Options trading can be a smart way to take advantage of the stock market’s price action, as it offers a cheaper way to go long or short on stocks while limiting your downside risk.
But invest in options without a game plan, and you may end up losing a significant amount of money before you even have time to blink.
We often get asked what separates successful and unsuccessful options traders. And in our humble opinion, it comes down to knowing how to manage your profits.
You see, most people spend a lot of time determining when they should get into their positions. But figuring out when to exit those trades is just as important — regardless of whether or not they’re going in your favor.
This seems obvious when a trade suddenly moves against you, but it becomes more difficult to remember when you’re sitting on a huge gain.
This psychological dilemma is often referred to as FOMO, or the “fear of missing out.”
It’s completely natural to look at a stock and go, “But couldn’t it run just a little bit higher from here?” And theoretically, it could.
But the stock could also fall the next day, wiping out all of the gains you were sitting on just the day before. Sometimes, you’ll end up losing all of your money on a trade that, at one point, was up 100% or more.
And sure, you’ll read stories online of people buying out-of-the-money calls for $1,000, which magically turned into a million dollars. But the odds of that happening are few and far between — and it’s not how you want to play the long game.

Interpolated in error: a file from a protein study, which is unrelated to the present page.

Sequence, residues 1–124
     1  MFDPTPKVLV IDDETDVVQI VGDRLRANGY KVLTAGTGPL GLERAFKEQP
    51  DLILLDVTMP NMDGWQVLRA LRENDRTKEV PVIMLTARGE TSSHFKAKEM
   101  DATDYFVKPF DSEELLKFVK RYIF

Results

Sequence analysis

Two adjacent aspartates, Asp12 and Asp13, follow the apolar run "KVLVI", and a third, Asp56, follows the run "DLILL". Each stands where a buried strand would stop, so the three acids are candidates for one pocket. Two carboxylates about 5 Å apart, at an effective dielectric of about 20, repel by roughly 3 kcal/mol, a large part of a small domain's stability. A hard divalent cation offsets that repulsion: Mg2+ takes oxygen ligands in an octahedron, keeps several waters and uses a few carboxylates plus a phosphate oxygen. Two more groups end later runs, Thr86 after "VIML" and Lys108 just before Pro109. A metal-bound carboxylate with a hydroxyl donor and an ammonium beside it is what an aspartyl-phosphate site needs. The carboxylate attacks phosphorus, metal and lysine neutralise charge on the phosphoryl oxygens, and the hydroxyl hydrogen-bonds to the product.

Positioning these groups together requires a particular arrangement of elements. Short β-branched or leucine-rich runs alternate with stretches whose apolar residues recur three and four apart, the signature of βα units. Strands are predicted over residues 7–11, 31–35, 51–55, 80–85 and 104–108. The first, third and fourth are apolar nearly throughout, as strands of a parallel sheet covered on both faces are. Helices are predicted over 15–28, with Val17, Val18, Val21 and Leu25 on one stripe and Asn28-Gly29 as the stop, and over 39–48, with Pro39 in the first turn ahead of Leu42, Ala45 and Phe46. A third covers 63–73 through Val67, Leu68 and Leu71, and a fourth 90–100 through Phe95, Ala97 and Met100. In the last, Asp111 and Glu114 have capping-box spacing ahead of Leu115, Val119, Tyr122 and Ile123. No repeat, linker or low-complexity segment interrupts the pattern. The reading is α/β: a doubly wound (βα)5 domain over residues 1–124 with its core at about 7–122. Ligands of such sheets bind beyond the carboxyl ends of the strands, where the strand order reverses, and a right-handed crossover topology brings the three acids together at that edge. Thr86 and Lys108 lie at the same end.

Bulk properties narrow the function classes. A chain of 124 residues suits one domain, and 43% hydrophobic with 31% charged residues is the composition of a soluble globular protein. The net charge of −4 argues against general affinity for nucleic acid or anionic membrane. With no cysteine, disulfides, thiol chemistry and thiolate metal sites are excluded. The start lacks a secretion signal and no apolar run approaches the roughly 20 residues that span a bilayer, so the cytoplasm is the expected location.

Instead, learn how to manage your profits so that you can consistently stack the odds of winning in your favor.
And remember that paper gains aren’t real gains. Even if you’re sitting on a 200% winner in your portfolio, that trade doesn’t mean anything if you don’t cash out of your position and take money off the table.
That’s why it’s better to take your profits when you have them instead of letting them ride out and potentially expire worthless.
You also don’t have time on your side when you invest in short-term options trades. You’re playing for a fast move, so when they happen, you want to get out of them just as quickly.
And if prices go higher, they go higher.
If you’re convinced that a stock still has room to run — or that it still has room to fall — you can always close out of that position and roll those gains into a new trade that takes advantage of that price move.
So, the next time you’re sitting on a big gain, remember: Greed is good, but gambling is foolish. Don’t gamble the returns you’re sitting on today for the possibility of more tomorrow.
Instead, take risk off the table and stop making excuses to stay in the position.
Your portfolio — and your wallet — will thank you for it later.
Until next time,
The Future of Wealth